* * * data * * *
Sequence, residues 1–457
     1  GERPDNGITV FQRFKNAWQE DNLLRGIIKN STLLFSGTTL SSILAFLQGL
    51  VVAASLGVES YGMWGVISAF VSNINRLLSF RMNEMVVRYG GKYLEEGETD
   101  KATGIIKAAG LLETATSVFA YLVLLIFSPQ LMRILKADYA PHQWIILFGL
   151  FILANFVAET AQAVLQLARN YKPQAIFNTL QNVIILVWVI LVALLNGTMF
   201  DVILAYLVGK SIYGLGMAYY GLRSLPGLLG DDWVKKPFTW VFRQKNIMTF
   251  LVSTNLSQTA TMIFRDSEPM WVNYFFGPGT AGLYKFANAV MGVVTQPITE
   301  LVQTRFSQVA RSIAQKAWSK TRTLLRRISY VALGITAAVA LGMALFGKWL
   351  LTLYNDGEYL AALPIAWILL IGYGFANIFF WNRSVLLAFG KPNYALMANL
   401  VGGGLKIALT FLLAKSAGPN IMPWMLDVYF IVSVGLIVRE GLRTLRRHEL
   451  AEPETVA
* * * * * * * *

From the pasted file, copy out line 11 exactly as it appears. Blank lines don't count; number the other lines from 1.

   451  AEPETVA